Boards lack technology expertise. An early Harvard Business Review article in 2005 established that “a lack of board oversight for IT activities is dangerous; it puts the firm at risk in the same way that failing to audit its books would”. Even in 2019, we come across executives who get their emails printed, or hear about the deputy chief of the Japanese governments cybersecurity strategy office not using computers at all. This is technophobia at the highest level. While boards tend to address the gap by nominating a higher percentage of tech savvy new members, this organic process is too slow. Too slow to remain competitive. We contend that organizations must learn faster.
Without an Organized Learning framework, companies inevitably chase the next big thing. They deploy capital to bring in a leading edge technology, only to realize that they have a solution in search of a problem. The learning outcome is “we will never do that again”. In a world where technology has become a commodity, it is imperative to start with the customer, to start from the outside-in, and work back to the technology. An understanding of advanced technologies will help the art of the possible, but not be the starting point. Without such understanding, boards will stay conservative and default to not approving new initiatives.
Following instead a well-structured path of Learning — Venturing — Capital will seed innovation. Learning generates insights to understand potential and limitations. Venturing takes action with low cost agile pilots at fulcrum points. Finally, prudent allocation of capital provides necessary acceleration. This process and thinking needs to be institutionalized.
Our Organized Learning framework starts from the top. The board needs to be a role model and walk the walk. However, learning includes everyone in the organization, from executives to execution. High potentials play a special role as catalysts for the tomorrow. Learning initiatives are centered around specific topics such as innovation models, human-centered design, advanced technologies, platforms, etc., The key is to define the path for the assimilation of these technologies into the business.
For that, a “house view” needs to be developed that clearly articulates the economic value and addresses key questions. Is this technology a threat? Is it an accelerant within the business? Is it something consumers demand? And is the market ready for it? The house view lays out what the potential of a technology would be, and lays the foundation for decision making on the venturing side, to define where and how to experiment, and develop a good understanding of switching costs. Naturally, to minimize switching cost, an organizational and technical design that allows for the plugging and unplugging of components as required is desirable. That creates a true platform for innovation. Learn faster, venture faster, capitalize faster.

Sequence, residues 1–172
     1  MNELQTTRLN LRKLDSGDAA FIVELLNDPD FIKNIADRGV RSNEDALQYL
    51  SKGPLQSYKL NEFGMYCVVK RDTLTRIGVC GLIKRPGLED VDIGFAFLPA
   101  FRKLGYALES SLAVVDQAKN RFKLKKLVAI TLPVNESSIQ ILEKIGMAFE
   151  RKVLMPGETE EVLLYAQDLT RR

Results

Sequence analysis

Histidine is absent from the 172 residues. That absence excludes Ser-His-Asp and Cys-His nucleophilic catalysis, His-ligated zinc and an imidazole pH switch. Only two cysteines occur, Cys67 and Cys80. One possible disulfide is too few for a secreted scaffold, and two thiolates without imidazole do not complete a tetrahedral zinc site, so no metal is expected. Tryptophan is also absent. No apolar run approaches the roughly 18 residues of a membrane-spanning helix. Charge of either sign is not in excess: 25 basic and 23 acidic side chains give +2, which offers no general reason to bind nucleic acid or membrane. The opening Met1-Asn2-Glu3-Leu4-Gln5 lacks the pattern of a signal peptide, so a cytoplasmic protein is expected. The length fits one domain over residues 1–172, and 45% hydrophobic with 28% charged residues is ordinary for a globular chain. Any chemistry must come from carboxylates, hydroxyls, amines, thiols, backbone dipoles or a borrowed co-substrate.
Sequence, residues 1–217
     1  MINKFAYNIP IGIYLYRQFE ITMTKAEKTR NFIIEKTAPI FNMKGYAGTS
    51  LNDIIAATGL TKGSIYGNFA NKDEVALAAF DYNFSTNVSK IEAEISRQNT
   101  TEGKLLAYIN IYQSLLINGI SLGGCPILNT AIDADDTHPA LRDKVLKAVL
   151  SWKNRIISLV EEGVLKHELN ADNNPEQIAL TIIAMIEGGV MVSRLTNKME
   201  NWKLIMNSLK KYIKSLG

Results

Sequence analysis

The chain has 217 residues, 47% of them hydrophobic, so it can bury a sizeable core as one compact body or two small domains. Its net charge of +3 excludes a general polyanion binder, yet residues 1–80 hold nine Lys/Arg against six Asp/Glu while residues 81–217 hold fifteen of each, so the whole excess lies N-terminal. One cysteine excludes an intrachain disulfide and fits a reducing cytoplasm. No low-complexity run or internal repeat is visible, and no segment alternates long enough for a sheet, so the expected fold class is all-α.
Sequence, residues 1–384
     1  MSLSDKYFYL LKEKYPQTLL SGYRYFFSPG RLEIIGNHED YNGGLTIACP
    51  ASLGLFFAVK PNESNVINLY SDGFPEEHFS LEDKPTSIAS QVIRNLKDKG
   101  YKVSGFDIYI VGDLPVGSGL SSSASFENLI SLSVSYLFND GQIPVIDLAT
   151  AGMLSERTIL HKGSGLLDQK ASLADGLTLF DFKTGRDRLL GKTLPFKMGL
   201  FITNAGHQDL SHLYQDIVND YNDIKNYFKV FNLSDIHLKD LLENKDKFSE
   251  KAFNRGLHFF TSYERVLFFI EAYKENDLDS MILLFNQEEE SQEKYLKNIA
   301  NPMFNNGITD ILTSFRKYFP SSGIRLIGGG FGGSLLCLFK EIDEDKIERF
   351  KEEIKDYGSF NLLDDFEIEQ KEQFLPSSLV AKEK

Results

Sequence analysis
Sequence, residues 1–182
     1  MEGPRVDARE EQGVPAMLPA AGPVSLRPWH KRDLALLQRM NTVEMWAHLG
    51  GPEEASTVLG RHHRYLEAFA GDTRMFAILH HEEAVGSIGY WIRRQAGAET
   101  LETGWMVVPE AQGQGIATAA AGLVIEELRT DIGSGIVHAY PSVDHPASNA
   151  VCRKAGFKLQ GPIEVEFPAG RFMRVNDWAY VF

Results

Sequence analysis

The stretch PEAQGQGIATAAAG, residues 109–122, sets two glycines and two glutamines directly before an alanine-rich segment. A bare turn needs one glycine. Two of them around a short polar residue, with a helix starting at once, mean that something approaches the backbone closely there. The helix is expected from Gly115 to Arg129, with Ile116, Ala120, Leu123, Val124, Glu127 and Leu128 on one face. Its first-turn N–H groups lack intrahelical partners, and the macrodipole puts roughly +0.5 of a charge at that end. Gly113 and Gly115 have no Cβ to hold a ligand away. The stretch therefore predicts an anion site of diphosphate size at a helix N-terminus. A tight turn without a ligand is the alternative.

© 2019 FinMirai KK
If you found value in this article, please “clap” (up to 50 times).
This article is part of our FinMirai Publication, please follow us to read more from our writers, like hundreds of readers do every day. Our LinkedIn page, Facebook page and our Instagram account are there for you as well.
FinMirai is the leading Japanese Venture Studio enabling Japanese Financial Institutions (JFI’s) to accelerate their innovation transformation through a proven framework of learning, venturing and capital. Through our venturing program, FinMirai enables startups co-ventures to localize and connect in to networks of JFI’s.
Norbert Gehrke is a General Partner at FINMIRAI, Founder & Representative Director of Tokyo FinTech, and an advisor to several FinTech companies, including Advanced Blockchain AG, asvin GmbH & Tontine Trust. As a former Goldman Sachs and Barclays Managing Director in Technology, Norbert is passionate about the work of leading critical enterprise-wide, cross-functional initiatives from strategy through technology implementation that transform organizations and innovate by applying leading technology and exploiting data.